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Wednesday, January 13, 2021

Franz Krommer; Johann N. Hummel - Chamber Music for Bassoon & Strings (Island)


Composer: Franz Krommer; Johann Nepomuk Hummel
  • (01) Krommer - Bassoon Quartet in B flat major, Op. 46 No. 1
  • (05) Krommer - Bassoon Quartet in E flat major, Op. 46 No. 2
  • (09) Hummel - String Trio in G major

Jane Gower, bassoon
Antoinette Lohmann, viola
Galina Zinchenko, viola
Jennifer Morsches, cello

Date: 2009
Label: Ars Produktion



Island is a period-instrument ensemble that specializes in music for bassoon, two violas, and cello—not as obscure a combination as you might expect. The two quartets on this disc by Franz Krommer (1759–1831), a woodwind specialist, deploy the ensemble very effectively. Bassoonist Jane Gower provides this description in her good liner notes: “As all of Krommer’s superlative wind music, the quartets Op. 46 are highly instrumentally idiomatic and often virtuosic. They exploit the full three-octave range of the period bassoon to dramatic effect, use a full palette of tonal colors and textures, and feature many different effects at which the bassoon excels: running staccato figures, wide intervallic leaps, as well as soaring tenor cantabile lines.” These compositions are equivalent to the quatour brillant of the period, associated with the likes of Viotti and Spohr, with its flashy writing for first violin. Here, though, the bassoon takes the principal role, without forcing the other instruments to fall into neglect; the first viola’s part is nearly as demanding as the bassoon’s.

The better-known Johann Nepomuk Hummel wrote a fairly popular bassoon concerto, but that reed instrument is absent from the trio at hand; the unusual two-viola plus cello scoring seems to be authentic. Typically for this composer, it’s a light, enjoyable work, with Mozart quotations in the finale.

I’ve not heard the competing recordings of this music, but Island’s accounts complement the scores perfectly: secure and good-natured despite the inherently dark instrumental coloring. The musicians demonstrate that period instruments need not produce scrawny tone, and their blending of lines is very good, even though the aural perspective is close for the strings, while the bassoon seems to be a bit more distant and positioned toward the right. That noted, the DSD audio quality is as fine as it should be, and this disc will serve you well if you’re interested in the period or the bassoon.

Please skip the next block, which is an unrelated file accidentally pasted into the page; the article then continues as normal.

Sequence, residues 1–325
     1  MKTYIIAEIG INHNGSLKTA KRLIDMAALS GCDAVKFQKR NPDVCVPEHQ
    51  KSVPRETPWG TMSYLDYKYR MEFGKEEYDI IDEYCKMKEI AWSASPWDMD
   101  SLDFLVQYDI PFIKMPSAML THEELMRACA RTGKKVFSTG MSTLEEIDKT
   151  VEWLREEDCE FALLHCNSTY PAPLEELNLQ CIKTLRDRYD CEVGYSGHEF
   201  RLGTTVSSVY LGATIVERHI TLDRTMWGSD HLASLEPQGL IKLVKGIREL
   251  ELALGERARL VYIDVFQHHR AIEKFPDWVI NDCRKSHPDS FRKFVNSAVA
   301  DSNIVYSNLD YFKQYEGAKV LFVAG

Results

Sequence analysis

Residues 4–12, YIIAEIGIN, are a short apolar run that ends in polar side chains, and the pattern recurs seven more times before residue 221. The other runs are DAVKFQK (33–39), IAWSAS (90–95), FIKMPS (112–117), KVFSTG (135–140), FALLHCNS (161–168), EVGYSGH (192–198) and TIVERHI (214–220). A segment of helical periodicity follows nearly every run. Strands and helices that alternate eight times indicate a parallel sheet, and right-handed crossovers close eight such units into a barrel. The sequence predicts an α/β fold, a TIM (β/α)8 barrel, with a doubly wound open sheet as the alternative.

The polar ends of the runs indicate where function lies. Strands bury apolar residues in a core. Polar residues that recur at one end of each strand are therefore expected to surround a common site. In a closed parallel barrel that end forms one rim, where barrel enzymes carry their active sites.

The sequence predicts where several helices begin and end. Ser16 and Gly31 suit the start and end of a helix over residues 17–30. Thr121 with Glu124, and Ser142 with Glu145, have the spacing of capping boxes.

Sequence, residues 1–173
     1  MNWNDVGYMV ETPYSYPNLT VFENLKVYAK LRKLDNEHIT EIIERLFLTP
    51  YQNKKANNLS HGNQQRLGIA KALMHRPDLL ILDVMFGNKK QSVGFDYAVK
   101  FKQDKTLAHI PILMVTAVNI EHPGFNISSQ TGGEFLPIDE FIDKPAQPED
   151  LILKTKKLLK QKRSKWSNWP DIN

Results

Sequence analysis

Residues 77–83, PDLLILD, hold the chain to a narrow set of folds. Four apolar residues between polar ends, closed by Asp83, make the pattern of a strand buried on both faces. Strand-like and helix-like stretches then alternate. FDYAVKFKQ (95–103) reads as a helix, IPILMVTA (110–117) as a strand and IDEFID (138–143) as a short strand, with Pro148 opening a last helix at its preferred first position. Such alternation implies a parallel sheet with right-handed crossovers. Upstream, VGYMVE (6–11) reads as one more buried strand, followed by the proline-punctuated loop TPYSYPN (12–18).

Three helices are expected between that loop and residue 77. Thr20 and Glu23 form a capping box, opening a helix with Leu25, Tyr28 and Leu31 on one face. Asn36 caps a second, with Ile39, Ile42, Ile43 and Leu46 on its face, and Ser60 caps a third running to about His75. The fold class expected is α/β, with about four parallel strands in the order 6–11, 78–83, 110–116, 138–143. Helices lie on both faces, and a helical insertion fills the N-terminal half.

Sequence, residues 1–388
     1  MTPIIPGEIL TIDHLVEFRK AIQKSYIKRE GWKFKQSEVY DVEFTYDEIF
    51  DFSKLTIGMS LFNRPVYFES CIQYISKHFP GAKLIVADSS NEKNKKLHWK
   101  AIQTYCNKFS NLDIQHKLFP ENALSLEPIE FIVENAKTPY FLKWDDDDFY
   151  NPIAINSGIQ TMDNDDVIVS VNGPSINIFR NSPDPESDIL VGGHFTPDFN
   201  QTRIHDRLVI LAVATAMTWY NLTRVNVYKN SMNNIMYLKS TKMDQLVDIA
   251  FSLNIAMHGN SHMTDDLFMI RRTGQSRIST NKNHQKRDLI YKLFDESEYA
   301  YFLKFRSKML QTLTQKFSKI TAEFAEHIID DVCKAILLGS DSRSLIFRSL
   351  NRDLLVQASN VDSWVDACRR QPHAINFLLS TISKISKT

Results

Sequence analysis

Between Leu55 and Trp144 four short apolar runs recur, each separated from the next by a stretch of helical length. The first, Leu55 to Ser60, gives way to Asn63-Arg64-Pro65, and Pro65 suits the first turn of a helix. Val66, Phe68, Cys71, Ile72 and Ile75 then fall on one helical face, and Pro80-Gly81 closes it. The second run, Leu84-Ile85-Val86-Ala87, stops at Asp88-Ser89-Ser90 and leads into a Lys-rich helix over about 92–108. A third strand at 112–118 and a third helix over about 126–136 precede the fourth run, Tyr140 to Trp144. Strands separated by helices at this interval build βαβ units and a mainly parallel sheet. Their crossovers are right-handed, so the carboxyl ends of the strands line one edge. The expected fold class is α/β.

-- James Reel, FANFARE


Franz Krommer (27 November 1759 in Kamenice u Jihlavy – 8 January 1831 in Vienna) was a Czech violinist and composer of classical music. He was a violinist in the orchestra of the duke of Styria, and Maestro di Cappella for Duke Ignaz Fuchs, before succeeding Leopold Kozeluch as composer for the Imperial Court of Austria (from 1813 until his death in 1831). Krommer's output was prolific, with at least 300 published compositions in at least 110 opus numbers, including at least 9 symphonies, 70 string quartets, 15 string quintets, and many works for wind ensemble, for which he is best known today.


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  2. Hi Ronald, Is it possible to contact you through your other blog, classicalmjourney? I noticed yesterday that two of your recordings there - Weinberg and Freeman - did not upload properly; they both show a file size of 108 KB. Sorry to contact you here, but I didn't see an option on the other site. Thank you so much!

  3. muchas gracias, ronald do, por esta excelente colección de música de franz krommer. saludos cordiales